The QuanSite team has been busy working away on a huge re-brand and launch project for the past four months. Now that we’re comfortably 30-days into the release of the QuanSite system, we thought we’d share some of the tips and strategies behind the launch so that you could benefit from our experience.
This isn’t the first time we’ve been involved with a product launch, but every time we go through a launch we pick up a few new tricks. this time was no exception, especially since this was software.
Product launch lessons learned:
1. No matter how much time you give yourself for a launch, it’s never enough.
Expect many sleepless nights and last minute things that need to be taken care of. You can minimize the impact of the little things by planning out your launch two or three weeks in advance.
Set goals and milestones and appoint one person to keep you on track or use an online project management service like Basecamp to keep track of the things that sleep deprivation might cause you to overlook.
Takeaway tip: if you are planning a simple product launch (like a downloadable product, e-book etc.) add 20% to your projected timeline. So for example, if you are figuring it will take you a month to fully prepare for release, you’d add a week to your timeline.
If your product is more complex, like a big physical product, a book promotion or software) add 40% to your projected timeline.
If you’ve never done a fully promoted release of a new product and a marketing launch; A) get professional help from a coach or mentor who has done them B) double the percentage above even with professional assistance.
2. Test, test, test and then test again!
In addition to testing your the functionality of your product (if it’s a software product like QuanSite), you need to test the sales process from start to finish… many times in all browsers before you launch. Make sure people can order and pay via credit card (or paypal if you offer that option). Make sure they can reach the download page and can download the product. Make sure they know how to reach support if they have a problem. Test everything! Twice. And then test again!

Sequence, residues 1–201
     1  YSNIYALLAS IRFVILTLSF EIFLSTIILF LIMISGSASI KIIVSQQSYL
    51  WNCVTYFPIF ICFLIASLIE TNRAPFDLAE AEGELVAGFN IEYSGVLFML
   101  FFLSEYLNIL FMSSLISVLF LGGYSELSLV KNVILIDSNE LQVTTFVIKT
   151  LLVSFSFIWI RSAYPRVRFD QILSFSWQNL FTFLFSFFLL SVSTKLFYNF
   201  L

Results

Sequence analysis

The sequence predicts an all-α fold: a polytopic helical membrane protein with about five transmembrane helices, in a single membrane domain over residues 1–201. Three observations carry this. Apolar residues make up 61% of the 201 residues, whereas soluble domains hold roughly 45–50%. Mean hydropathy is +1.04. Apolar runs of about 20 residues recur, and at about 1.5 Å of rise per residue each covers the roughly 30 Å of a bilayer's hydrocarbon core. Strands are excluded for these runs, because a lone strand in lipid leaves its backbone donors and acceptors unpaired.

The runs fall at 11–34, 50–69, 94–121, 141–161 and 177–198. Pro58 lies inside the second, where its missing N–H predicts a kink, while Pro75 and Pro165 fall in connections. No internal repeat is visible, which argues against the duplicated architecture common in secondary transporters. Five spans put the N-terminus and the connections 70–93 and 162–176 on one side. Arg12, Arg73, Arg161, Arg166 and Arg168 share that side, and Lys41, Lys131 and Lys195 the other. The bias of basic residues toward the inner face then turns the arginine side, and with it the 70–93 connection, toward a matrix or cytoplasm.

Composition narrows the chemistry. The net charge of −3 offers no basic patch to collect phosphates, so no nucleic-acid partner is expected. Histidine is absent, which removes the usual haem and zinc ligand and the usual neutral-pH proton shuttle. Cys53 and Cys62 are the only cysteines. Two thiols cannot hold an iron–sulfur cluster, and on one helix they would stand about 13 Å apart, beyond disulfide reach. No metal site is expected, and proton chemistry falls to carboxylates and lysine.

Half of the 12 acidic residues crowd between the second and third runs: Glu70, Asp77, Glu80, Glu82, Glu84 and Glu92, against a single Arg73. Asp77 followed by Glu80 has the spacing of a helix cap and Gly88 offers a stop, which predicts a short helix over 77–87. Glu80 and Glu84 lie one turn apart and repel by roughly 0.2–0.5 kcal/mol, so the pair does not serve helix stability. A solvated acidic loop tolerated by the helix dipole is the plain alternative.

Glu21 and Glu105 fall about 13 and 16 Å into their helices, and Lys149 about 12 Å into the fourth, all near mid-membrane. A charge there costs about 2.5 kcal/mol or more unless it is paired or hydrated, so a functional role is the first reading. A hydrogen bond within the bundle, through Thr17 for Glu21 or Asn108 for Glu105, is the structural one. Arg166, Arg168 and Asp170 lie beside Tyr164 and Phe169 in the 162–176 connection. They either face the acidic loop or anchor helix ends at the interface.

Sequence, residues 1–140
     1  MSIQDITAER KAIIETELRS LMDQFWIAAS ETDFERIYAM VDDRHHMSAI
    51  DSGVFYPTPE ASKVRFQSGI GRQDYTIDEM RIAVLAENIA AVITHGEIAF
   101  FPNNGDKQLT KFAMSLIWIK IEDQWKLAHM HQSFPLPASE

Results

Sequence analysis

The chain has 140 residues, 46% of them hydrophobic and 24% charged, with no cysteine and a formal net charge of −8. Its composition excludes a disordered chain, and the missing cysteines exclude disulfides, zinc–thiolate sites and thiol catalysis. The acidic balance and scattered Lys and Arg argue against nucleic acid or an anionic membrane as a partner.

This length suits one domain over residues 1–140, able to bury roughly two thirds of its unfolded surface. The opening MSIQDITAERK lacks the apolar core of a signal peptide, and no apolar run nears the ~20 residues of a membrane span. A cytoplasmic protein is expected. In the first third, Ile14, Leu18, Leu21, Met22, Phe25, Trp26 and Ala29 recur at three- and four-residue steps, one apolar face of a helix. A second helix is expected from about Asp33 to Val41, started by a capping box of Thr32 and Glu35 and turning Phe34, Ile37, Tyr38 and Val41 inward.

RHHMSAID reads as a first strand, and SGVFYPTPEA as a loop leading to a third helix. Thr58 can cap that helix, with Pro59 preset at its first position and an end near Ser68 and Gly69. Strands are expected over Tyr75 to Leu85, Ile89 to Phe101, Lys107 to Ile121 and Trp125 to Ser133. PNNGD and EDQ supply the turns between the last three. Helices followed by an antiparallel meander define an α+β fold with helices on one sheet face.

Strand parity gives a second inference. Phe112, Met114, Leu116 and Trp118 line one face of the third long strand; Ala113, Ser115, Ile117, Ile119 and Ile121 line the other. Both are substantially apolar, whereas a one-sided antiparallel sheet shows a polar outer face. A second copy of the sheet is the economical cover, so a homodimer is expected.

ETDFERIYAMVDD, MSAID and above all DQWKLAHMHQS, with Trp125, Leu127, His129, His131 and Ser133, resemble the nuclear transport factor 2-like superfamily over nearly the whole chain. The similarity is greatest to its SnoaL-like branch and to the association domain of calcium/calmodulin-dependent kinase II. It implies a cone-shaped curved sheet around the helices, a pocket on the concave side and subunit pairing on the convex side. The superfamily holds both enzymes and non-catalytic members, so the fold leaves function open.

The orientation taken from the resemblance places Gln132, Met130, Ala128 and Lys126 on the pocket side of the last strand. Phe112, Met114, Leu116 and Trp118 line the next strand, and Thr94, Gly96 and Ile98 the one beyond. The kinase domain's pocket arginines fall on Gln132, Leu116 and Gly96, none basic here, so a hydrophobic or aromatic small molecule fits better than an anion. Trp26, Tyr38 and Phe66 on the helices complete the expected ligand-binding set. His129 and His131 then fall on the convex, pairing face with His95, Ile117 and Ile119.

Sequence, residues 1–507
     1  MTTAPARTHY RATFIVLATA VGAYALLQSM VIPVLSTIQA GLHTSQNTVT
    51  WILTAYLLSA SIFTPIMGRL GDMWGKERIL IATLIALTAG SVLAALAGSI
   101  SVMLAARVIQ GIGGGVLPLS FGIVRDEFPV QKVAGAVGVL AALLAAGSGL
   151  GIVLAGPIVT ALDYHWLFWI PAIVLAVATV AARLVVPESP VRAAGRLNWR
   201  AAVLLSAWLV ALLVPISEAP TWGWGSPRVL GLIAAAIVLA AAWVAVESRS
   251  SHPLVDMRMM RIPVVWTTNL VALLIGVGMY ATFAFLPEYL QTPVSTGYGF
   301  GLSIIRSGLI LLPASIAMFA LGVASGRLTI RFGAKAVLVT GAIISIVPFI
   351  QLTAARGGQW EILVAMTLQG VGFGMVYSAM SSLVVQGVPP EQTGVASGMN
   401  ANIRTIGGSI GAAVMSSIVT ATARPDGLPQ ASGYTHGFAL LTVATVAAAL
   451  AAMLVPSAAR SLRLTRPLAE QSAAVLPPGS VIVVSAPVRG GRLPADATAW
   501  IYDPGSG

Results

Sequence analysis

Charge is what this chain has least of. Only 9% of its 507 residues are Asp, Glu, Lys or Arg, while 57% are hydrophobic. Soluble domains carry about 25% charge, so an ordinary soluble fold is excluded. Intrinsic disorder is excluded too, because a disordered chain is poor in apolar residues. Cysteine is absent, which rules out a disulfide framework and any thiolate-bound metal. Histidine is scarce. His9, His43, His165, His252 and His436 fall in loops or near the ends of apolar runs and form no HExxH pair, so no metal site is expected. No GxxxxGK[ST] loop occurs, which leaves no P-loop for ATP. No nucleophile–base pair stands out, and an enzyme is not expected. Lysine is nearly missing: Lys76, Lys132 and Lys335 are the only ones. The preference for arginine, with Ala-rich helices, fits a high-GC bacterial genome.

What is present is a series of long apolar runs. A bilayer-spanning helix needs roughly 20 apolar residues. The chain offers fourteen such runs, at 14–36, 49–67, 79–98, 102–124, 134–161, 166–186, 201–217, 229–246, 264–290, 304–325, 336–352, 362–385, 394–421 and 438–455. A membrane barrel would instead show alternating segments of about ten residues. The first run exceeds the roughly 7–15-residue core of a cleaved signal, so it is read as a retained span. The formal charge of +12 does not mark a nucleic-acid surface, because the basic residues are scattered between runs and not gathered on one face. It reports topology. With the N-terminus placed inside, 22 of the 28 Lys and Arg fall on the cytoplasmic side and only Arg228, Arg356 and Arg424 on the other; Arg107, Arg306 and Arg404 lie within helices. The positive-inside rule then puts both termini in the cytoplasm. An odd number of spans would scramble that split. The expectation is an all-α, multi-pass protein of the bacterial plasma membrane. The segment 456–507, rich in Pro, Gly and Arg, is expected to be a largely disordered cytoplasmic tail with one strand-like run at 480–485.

Takeaway Tip: When testing anything to do with sales or marketing, change ONLY ONE THING at a time. For example if you want to make several changes to your sales copy, don’t make all the changes at once. If you do and conversions do improve you won’t know what worked.
There is a caveat to this rule. If your marketing/sales process is failing to convert at all and you have a mentor or professional copywriter look at your marketing materials and they tell you “a truckload of Viagra won’t revive this copy” — then change it all at once as quickly as possible.
3. Minimize technical glitches by planning ahead.
Nothing is more frustrating than having your sales site go down during a launch, especially when it means a loss of potential sales. Nothing is more embarrassing than having to tell a JV Partner they didn’t earn as much as they could have during the launch because your sales site was unreachable.
The QuanSite.com launch team planned for the increase in traffic by installing additional RAM on the main sales server and caching parts of the salespage. We also had our server admin monitoring the server during high load periods and the technical team was ready to implement “Plan B” within 20 minutes should something go awry.